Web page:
Opportunity is missed by most people because it is dressed in overalls and looks like work. - Thomas A. Edison
Two years ago, a friend’s wife looked me straight in the eyes and told me I should learn to repair appliances. We talked about how the need is everywhere and how it would be a great business. I had some vague, lofty vision of what my next business was going to look like. I just couldn’t see the intersection of my dream and appliance repair. So I ran from the idea for a year and a half because it didn’t look or sound like something I wanted to do. The opportunity was dressed in overalls.
This past week I got a call from a lady that was interested in one of my appliances. She said that her dryer had died and wanted to pick one up from me. She said that they had a nice Kenmore dryer they had tried to fix themselves, but hadn’t been successful. At that point I had a decision to make. Do I offer a trade-in discount to get her old dryer? I had to think quickly. I figured it was probably somewhat of an easy fix with the symptoms she listed off. So I told her that if they brought their dryer over, I would see what it would take to repair it right in front of them. If that failed, they could just buy my dryer like they had planned to.
They arrived and we brought the dryer into the garage. Within a minute I had the dryer torn apart and my multimeter out testing the components looking for the culprit. I found the broken fuse almost immediately and replaced it with a new one. After plugging it back in we noticed that the dryer belt needed to be replaced as well. So we took off the other part, vacuumed it out while we had it open, replaced the belt and put it all back together. We then started it back up and their dryer was as good as new. I charged them $75 for the two parts and the labor. They were very happy as they saved $75 and had a very nice working dryer. I gave them more than they were expecting, and I treated them right. They didn’t need a new dryer. I never left my garage, made a quick $70 profit, and walked away with a clean conscience.
A neighbor called me a little over a week ago asking if I could come take a look at his dryer. Again, I already had the parts on hand. After driving over to his house, I swapped out the parts and put the dryer back together in about 10 minutes. He paid me for my time, and had already given my family a large portion of grapes from his grape harvest this summer/fall. Again, I felt great. As I drove home, I was just kind of shaking my head at how I was now being called to neighbors houses to repair their appliances.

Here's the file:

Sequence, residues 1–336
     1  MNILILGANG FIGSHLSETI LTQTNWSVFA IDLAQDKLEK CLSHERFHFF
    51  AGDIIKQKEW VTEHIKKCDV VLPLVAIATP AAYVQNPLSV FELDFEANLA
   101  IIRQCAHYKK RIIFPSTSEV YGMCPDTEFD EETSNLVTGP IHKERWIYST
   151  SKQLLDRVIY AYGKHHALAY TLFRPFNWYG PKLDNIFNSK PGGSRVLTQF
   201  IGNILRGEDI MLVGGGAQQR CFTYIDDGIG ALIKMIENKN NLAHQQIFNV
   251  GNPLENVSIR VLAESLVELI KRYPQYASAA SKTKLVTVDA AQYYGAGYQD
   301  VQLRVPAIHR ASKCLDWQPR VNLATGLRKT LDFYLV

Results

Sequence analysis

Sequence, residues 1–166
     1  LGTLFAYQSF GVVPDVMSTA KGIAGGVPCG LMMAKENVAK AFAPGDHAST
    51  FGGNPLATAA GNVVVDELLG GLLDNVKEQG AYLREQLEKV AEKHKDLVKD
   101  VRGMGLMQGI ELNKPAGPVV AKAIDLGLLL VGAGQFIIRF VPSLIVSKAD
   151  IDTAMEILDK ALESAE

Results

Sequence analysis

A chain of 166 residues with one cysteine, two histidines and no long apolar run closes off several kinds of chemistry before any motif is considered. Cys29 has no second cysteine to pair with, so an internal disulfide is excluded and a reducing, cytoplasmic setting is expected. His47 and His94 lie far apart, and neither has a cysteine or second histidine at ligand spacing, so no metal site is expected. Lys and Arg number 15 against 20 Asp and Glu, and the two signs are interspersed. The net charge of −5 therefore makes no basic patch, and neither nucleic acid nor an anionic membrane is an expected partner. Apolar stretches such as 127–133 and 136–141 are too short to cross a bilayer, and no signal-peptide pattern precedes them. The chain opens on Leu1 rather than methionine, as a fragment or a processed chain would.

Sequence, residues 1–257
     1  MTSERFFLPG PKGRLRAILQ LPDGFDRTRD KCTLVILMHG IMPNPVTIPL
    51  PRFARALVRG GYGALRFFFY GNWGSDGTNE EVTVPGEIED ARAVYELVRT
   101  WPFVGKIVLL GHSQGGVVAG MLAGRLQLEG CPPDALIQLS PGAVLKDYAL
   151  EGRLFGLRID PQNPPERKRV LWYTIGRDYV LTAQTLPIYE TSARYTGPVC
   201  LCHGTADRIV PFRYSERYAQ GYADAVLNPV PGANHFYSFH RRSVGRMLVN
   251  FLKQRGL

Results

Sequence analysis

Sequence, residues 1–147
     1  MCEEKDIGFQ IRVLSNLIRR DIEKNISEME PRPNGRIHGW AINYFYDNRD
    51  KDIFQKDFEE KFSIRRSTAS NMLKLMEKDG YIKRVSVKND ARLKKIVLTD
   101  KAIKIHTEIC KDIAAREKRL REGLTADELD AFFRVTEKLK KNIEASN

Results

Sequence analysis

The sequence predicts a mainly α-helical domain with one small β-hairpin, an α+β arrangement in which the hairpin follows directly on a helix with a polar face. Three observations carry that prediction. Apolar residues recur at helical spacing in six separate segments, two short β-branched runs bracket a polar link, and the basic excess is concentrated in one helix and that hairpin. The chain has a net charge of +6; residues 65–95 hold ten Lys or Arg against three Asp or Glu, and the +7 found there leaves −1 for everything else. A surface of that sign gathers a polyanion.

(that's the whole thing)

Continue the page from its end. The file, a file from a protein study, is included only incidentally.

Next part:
My good friend Matt called from Hawaii a few nights ago because his dryer had stopped heating. So over the phone, I walked him through how to take it apart and test out each component. We finally located the problem and I walked him through a temporary fix and sent him a link where he could find the part he needed. The dryer was back up and working before the phone call was over. That was awesome; remote appliance repair!
Two years ago I knew almost nothing about appliances. As time went by, a midst my buying and selling, I started coming across more and more appliances that needed to be fixed. At first I would just scrap them all, or sell them for cheap to other repair guys. Finally one of the guys I was selling the broken appliances to, in a moment of mercy, showed me how easy some of the repairs were. That changed everything. I realized the next logical step was to start repairing them myself.
So, Peter (friend that works with me) and I started tearing apart every broken washer and dryer that would come in. (of certain brands that are worth fixing) The amazing thing was how many of them we were able to repair, clean up and then resell. It has changed everything. The entire business model has changed because of this recent development.
I never planned on buying and selling on Craigslist. I never planned on buying and selling appliances. I never planned on repairing them. I had a dream of starting my own business, working for myself and living a flexible and enjoyable life with my family. I was, and still am, willing to work hard for it. That’s the key ingredient. A hunger and desire to bring about my goals and dreams. Everything else has just unfolded as time has passed.
As my friend Chris often tells me, “The door of opportunity often opens behind you.” That is my encouragement to you as well. Work your tail off. Pursue your dreams. Even if only on the side for a period of time. I think you will be surprised where you end up. I sure have been.
Check out and like the new ReCraigslist Facebook page. I posted a picture of our big find in a dryer last night. My goal is to write things that you believe are worth sharing with your friends. Hope to see you over there!
– Ryan Finlay